The authors thank Texas Mineral Resources Corporation for providing access to proprietary technical data and samples. This project was supported by joint research contracts 26-8211-12 and 26-8211-16 between TMRC and the University of Texas at El Paso. Funds to cover the costs to publish in open access were obtained from this source. Also, we thank Dr. Ortolano and Ph.D. candidate Roberto Visalli from the University of Catania for access to their X-ray Map Analyzer application.


L.M.N. and M.A.A. declared no potential conflicts and received no compensation for project participation. M.P., who managed the UTEP Microprobe Laboratory and performed the analyses, declares no potential conflicts. She received no extra compensation for participating in the project. D.G. is the CEO of TMRC and serves on its Board of Directors. N.E.P. serves on the Board of Directors of TMRC. He is not and has never been an employee of TMRC, nor has he received any compensation from the research contracts that supported this research. The funding sponsor, TMRC, had no role in the decision to publish the results.

Cite this paper: Negrón, L. , Piranian, M. , Amaya, M. , Gorski, D. and Pingitore, N. (2020) ArcGISTM Proximity and Cluster Analysis of Electron Probe Micro-Maps of Round Top Critical Mineral Deposit. Advances in Materials Physics and Chemistry, 10, 63-76. doi: 10.4236/ampc.2020.103006.

[1]   Rubin, J.N., Price, J.G., Henry, C.D. and Koppenaal, D.W. (1987) Cryolite-Bearing and Rare Metal-Enriched Rhyolite, Sierra Blanca Peaks, Hudspeth County, Texas. American Mineralogist, 72, 1122-1130.

[2]   Price, J.G, Rubin, J.N., Henry, C.D., Pinkston, T.L., Tweedy, S.W. and Koppenaal, D.W. (1990) Rare-Metal Enriched Peraluminous Rhyolites in a Continental Arc, Sierra Blanca Area, Trans-Pecos Texas; Chemical Modification by Vapor-Phase Crystallization. GSA Special Papers No. 246, 103-120.

[3]   Pingitore Jr., N.E., Clague, J.W. and Gorski, D. (2014) Round Top Mountain (Texas, USA) a Massive, Unique Y-Bearing-Fluorite-Hosted Heavy Rare Earth Element (HREE) Deposit. Journal of Rare Earths, 32, 90-96.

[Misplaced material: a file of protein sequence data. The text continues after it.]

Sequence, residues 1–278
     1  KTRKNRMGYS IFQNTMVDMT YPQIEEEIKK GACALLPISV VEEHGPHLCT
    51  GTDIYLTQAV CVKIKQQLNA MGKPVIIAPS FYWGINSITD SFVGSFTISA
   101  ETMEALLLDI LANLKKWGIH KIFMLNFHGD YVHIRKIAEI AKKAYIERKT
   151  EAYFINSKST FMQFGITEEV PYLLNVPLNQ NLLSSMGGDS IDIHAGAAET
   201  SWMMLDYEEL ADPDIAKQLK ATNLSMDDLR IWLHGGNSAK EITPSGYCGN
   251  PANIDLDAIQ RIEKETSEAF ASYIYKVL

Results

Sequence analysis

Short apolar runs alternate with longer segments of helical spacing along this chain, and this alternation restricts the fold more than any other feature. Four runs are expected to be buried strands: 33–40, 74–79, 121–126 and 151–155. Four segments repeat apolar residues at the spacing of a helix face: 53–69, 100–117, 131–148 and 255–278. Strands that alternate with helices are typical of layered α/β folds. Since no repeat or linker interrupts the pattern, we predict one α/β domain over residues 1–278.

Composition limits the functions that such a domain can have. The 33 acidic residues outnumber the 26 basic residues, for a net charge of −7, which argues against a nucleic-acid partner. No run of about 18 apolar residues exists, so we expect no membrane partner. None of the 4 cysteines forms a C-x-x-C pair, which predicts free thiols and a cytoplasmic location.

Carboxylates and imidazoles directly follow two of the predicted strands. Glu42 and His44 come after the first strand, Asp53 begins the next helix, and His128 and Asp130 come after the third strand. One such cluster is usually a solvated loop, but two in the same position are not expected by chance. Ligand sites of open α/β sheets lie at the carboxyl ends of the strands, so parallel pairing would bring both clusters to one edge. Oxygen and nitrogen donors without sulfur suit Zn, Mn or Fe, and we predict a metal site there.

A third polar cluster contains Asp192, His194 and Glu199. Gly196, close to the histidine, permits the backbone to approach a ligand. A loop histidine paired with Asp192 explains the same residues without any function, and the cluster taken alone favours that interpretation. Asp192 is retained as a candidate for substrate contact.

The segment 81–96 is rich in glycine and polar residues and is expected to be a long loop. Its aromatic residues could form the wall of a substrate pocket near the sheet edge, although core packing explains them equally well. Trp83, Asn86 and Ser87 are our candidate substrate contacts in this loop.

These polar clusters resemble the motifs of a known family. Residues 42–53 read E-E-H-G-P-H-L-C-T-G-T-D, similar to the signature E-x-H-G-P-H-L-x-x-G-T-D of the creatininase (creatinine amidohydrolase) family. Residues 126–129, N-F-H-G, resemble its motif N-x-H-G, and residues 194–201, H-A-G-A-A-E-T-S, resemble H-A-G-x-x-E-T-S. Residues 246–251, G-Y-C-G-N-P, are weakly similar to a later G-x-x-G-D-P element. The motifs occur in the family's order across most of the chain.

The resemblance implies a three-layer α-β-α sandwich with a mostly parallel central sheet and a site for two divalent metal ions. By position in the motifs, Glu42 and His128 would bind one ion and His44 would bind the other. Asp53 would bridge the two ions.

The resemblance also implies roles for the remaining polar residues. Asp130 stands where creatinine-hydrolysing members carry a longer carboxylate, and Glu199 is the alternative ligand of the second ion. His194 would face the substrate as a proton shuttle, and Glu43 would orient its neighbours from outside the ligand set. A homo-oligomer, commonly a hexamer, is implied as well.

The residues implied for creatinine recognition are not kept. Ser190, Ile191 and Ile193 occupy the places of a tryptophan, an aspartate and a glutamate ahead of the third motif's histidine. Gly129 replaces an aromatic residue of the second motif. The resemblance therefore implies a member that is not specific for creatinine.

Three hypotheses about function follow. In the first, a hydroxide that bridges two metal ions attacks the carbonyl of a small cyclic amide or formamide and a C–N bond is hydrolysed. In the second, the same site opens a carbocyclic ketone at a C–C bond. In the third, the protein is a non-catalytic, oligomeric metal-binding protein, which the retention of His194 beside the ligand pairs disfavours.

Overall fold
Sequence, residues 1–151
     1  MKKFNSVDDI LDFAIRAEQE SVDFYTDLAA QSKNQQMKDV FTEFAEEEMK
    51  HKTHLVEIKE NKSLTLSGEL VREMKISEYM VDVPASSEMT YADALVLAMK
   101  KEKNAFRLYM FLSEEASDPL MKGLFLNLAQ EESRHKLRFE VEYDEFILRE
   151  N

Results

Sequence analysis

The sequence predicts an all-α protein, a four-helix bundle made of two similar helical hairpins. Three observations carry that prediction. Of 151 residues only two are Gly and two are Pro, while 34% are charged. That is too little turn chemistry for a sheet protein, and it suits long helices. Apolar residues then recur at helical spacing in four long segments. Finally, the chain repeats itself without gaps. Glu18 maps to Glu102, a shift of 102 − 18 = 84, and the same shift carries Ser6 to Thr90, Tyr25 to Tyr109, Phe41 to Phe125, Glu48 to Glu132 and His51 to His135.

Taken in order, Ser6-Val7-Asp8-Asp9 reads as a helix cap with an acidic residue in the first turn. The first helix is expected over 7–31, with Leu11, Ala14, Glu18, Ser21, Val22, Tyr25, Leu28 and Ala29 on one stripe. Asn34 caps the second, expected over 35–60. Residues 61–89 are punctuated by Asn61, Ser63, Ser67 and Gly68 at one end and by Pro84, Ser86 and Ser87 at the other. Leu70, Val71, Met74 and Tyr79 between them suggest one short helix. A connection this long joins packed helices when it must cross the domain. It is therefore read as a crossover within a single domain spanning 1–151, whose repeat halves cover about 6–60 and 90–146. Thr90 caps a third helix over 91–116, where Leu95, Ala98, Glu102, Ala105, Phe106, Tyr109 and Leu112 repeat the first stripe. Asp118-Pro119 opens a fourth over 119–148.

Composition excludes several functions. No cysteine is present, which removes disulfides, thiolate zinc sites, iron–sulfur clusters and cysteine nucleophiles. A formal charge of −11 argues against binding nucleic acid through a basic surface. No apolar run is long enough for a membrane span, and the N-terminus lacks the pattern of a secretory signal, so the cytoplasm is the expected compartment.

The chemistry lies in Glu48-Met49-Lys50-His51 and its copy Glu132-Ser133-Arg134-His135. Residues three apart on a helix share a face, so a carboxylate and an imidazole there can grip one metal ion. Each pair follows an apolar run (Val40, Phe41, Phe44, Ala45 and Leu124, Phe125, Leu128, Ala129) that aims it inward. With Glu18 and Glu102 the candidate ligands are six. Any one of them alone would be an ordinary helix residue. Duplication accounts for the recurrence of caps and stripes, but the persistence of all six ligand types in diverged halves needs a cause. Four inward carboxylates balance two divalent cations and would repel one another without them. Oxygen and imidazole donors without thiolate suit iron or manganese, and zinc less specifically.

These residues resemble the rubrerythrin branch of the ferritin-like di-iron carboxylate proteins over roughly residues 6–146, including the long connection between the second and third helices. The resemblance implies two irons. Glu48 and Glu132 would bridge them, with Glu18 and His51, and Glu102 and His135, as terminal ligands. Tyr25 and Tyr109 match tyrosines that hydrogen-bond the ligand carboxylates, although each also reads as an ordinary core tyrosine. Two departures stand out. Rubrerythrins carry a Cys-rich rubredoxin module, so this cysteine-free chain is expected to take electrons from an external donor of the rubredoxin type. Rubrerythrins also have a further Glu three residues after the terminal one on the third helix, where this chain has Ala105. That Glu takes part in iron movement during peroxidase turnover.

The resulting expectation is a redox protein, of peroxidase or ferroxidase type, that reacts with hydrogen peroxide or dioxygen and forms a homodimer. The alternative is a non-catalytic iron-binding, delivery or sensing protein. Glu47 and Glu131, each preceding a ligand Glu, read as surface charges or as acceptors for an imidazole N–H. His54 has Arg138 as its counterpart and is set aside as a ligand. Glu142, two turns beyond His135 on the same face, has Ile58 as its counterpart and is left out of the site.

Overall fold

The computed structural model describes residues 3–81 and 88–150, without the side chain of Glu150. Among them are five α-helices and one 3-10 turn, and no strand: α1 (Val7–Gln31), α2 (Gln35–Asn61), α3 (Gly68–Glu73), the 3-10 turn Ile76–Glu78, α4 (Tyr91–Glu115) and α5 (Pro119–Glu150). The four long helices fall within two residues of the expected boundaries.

[4]   O’Neill, L.C. (2014) REE-Be-U-F Mineralization of the Round Top Laccolith, Sierra Blanca Peaks, Trans-Pecos Texas. University of Texas at Austin, Austin, TX.

[5]   Negrón, L., Pingitore Jr., N.E. and Gorski, D. (2016) Porosity and Permeability of Round Top Rhyolite (Texas, USA) Favor Coarse Crush Size for Rare Earth Element Heap Leach. Minerals, 6, 16.

[6]   Elliott, B.A., O’Neill, L.C. and Kyle, J.R. (2017) Mineralogy and Crystallization History of a Highly Differentiated REE-Enriched Hypabyssal Rhyolite: Round Top Laccolith, Trans-Pecos, Texas. Mineralogy and Petrology, 111, 569-592.

[7]   Pingitore Jr., N.E., Clague, J.W. and Gorski, D. (2018) Remarkably Consistent Rare Earth Element Grades at Round Top Yttrofluorite Deposit. Advances in Materials Physics and Chemistry, Special Issue: Rare Earth Elements, 8, 1-14.

[8]   Pingitore Jr., N.E., Piranian, M., Negrón, L. and Gorski, D. (2018) Microprobe Mapping of Rare Earth Element Distribution in Round Top Yttrofluorite Deposit. Advances in Materials Physics and Chemistry, Special Issue: Rare Earth Elements, 8, 15-31.

[9]   Negrón, L.M., Piranian, M., Amaya, M.A., Gorski, D. and Pingitore, N.E. (2020) ArcGISTM and Principal Component Analysis of Probe Data to Micro-Map Minerals in Round Top Rare Earth Deposit. Advances in Materials Physics and Chemistry, 10, 39-52.

[10]   Gustavson Associates (2019) NI 43-101 Preliminary Economic Assessment: Round Top Project, Sierra Blanca, Texas.

[11]   Jowitt, S.M., Medlin, C.C. and Cas, R.A.F. (2017) The Rare Earth Element (REE) Mineralisation Potential of Highly Fractionated Rhyolites: A Potential Low-Grade, Bulk Tonnage Source of Critical Metals. Ore Geology Reviews, 86, 548-562.

[12]   Lee, Y. and Song, Y. (2007) Selecting the Key Research Areas in Nano-Technology Filed Using Technology and Cluster Analysis: A Case Study Based on National R&D Programs in South Korea. Technovation, 27, 57-64.

[13]   Zhang, L., Lui, X., Janssens, F., Liang, L. and Glänzel, W. (2010) Subject Clustering Analysis Based on ISI Category Classification. Journal of Informetrics, 4, 185-193.

[14]   Anju, M. and Banerjee, D.K. (2012) Multivariate Statistical Analysis of Heavy Metals in Soils of Pb-Zn Mining Area, India. Environmental Monitoring and Assessment, 184, 4191-4206.

[15]   Ma, L., Sun, J., Yang, Z. and Wang, L. (2015) Heavy Metal Contamination of Agricultural Soils Affected by Mining Activities Around the Ganxi River in Chenzhou, Southern China. Environmental Monitoring and Assessment, 187, 731.

[16]   Khashgerel, B., Kavalieris, I. and Hayashi, K. (2008) Mineralogy, Textures, and Whole-Rock Geochemistry of Advanced Argillic Alteration: Hugo Dummett Porphyry Cu-Au Deposty, Oyu Tolgoi Mineral District, Mongolia. Mineralium Deposita, 43, 913-932.

[17]   Mitchell, A. (2005) The ESRI Guide to GIS Analysis, 2. ESRI Press, New York.

[18]   Mindat (2019) Yttrofluorite.